As advanced as our school systems are, it’s a shame that they repeatedly overlook one essential form of education: financial literacy.
The failure to equip our youth with basic financial know-how has long-term repercussions– and the numbers back it up. According to a survey by Standard Chartered, 62 per cent of millennials aged between 24 to 44 in Singapore have found it challenging to manage their day-to-day expenses since the onset of the pandemic (compared to 53 per cent for those aged over 45).
In fact, according to the same survey, only 18 per cent of millennials feel in control of their finances. They’re also more likely to engage in poor financial habits, like borrowing money from friends and relatives (15 per cent), paying the minimum sum on their credit cards (38 per cent) and speculating excessively to make quick gains (39 per cent), another study by OCBC reveals.
Millennials believe in investing but find it anxiety-inducing
Needless to say, financial security and anxiety are something that many millennials wrestle with. But I do wonder: is this for lack of trying?
Interestingly, a new study by our partner Franklin Templeton reveals that while one in two millennials agree that it’s good to start investing at a young age, one in three expressed that they find it complex and feel anxious about the idea. Among reasons like a lack of budget, the hesitation to start also stems from a lack of investment knowledge.
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This suggests that while millennials do recognise that investing early is beneficial, the “how-to” is still elusive to many. Could this indicate a real education gap in money matters among the younger generation? I’d think so.
This begets the question: how can we get better at teaching financial literacy and instilling good financial habits in our young?
Financial literacy is an essential life skill, not a “nice to know”
Much like your health and wellbeing, financial education is a crucial life skill that directly impacts personal wellbeing.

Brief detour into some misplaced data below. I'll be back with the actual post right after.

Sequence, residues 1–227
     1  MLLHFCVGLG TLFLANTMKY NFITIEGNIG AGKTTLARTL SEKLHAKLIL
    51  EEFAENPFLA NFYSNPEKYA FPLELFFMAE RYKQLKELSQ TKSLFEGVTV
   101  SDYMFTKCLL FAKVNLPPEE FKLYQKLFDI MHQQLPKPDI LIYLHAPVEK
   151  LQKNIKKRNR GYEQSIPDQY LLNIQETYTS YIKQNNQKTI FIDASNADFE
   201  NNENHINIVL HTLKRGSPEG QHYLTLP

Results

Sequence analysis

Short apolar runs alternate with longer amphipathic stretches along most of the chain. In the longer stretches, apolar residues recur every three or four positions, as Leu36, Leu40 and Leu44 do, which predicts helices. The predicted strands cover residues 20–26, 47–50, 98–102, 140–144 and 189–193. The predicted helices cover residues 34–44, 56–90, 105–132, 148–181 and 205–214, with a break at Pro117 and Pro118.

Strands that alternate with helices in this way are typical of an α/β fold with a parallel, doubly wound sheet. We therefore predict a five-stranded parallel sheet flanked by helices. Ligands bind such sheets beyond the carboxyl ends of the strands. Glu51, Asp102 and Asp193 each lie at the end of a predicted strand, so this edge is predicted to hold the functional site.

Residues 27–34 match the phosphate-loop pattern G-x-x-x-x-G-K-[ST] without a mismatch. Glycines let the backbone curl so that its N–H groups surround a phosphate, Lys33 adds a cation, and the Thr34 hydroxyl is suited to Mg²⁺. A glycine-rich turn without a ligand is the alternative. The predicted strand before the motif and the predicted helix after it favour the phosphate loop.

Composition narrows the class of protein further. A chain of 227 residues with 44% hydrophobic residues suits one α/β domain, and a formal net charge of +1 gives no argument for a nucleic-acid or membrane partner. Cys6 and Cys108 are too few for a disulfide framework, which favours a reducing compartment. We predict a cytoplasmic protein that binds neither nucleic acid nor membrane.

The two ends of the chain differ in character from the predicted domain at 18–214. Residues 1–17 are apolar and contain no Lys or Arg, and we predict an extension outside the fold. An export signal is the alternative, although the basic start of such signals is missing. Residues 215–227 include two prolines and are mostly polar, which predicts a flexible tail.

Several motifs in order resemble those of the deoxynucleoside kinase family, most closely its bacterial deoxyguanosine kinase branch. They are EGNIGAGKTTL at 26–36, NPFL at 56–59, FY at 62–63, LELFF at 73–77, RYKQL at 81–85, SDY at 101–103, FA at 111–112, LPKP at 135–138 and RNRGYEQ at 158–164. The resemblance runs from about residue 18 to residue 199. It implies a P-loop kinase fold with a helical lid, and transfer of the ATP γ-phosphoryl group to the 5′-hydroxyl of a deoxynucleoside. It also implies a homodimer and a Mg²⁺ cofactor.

Learning the basics of financial literacy (like money management, personal finance, savings, investing and debt) can help establish a strong foundation for healthy money habits. It pays off to start young.
The challenge is that most youths aren’t equipped with the proper financial knowledge. In schools, teachers don’t teach about personal finance. Recent policies to introduce individual finance courses in tertiary schools in Singapore are encouraging but seem to have fizzled out in traction.
In most homes, money is often a taboo topic to discuss with the kids, unless you’re lucky to be raised in a home where your parents are open enough or financially savvy to have that money talk.
This means that the onus is often on the young to take the initiative to learn their financial ABCs. While this is not necessarily a bad thing, the murky waters of the Internet financial advice can be a tricky one to wade.
Sifting good financial advice from the bad
The rise of social media means that youths are gleaning financial insights from their favourite influencers. A LendingTree survey in the US reveals that 41 per cent of Gen Z-ers have turned to personal finance advice TikTok (also known as #FinTok).
A growing segment in the app, #FinTok is a hotbed of financial advice that is often overly reductive at best or misguided.
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Our young should be getting their know-how from legitimate sources, so they have a strong foundation and are less swayed by clickbait financial advice and shiny new investment vehicles that are too good to be true.
This is why Autumn has made sure to develop an in-app financial literacy curriculum within the app. We’ve partnered with Franklin Templeton to roll out exclusive financial literacy content that caters to all levels of proficiency.
Called the Autumn Academy, users can seamlessly access a rich library of bite-sized financial education videos, infographics and more that they can learn and digest on the go.
“Many of the financial difficulties we see people getting into stem from poor financial literacy,” shares Autumn’s CEO, Mike Kruger. “The Autumn Academy will make a foundational financial education accessible to all, including topics such as understanding your relationship to money, how to recognise a good financial plan, how to manage your finances, and how to turn your financial plans into reality.”
Starting young pays off
So, where do we go from here? If you’re a parent, start having frank discussions about money at home, and get your child comfortable with the subject early. You can do so by teaching them essential personal finances, like how budgeting works or the importance of savings.
As they get older, take it a step further and introduce them into the world of investments and the many apps that help educate and gamify the matter.
It’s also vital that financial tools recognise this gap in financial literacy and aim to bridge that through simple and easy-to-use features.
Financial tools need to be simple, accessible and arm users with the know-how to make informed money decisions. It’s precisely this philosophy that governs what we do at Autumn.
All in all, financial literacy is a life skill, and starting it young pays off. With the wealth of options out there, it’s essential to be prudent and sift out the noise. Early financial literacy teaches kids to have a good relationship with money – a valuable lifelong skill that pays off.
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This article was originally published on e27.